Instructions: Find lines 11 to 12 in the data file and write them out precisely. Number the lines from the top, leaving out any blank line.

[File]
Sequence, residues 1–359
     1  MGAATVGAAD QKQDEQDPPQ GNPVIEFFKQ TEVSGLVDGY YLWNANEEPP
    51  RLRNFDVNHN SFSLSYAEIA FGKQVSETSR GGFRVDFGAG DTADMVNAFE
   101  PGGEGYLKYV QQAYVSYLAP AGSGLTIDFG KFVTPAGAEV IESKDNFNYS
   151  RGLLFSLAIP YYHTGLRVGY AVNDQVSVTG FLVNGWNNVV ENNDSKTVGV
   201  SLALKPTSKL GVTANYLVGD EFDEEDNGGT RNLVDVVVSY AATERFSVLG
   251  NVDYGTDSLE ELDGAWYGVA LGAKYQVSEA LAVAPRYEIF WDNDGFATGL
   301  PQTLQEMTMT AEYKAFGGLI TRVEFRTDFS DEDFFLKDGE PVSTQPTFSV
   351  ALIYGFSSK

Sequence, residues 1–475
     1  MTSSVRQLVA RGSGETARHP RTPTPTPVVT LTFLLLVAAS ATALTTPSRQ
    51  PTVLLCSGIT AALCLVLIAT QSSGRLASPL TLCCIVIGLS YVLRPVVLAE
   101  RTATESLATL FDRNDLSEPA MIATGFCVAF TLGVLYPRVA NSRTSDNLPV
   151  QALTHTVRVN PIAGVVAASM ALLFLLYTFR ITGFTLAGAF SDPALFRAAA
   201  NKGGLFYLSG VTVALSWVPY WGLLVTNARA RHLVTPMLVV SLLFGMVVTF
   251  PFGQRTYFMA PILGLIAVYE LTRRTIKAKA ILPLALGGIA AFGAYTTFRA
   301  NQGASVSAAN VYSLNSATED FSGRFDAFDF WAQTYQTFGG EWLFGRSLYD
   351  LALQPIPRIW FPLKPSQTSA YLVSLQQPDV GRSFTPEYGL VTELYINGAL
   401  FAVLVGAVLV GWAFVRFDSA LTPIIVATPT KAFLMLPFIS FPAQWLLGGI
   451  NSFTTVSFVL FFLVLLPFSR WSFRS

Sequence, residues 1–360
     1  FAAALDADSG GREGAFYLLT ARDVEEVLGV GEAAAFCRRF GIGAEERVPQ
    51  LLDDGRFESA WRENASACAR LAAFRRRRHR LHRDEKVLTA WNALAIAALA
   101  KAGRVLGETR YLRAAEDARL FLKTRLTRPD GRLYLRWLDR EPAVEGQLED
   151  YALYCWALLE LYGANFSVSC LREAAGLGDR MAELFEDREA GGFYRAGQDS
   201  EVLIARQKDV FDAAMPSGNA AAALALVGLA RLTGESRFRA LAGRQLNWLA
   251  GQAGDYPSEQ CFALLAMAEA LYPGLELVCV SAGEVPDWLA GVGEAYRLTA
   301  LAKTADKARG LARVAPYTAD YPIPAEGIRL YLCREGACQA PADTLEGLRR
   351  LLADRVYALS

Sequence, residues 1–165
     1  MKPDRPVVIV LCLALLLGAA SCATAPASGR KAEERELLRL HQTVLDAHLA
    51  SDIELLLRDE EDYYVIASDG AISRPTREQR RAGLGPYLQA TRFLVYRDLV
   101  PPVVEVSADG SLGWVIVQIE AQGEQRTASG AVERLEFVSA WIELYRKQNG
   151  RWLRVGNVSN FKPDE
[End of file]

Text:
     1  MTSSVRQLVA RGSGETARHP RTPTPTPVVT LTFLLLVAAS ATALTTPSRQ
    51  PTVLLCSGIT AALCLVLIAT QSSGRLASPL TLCCIVIGLS YVLRPVVLAE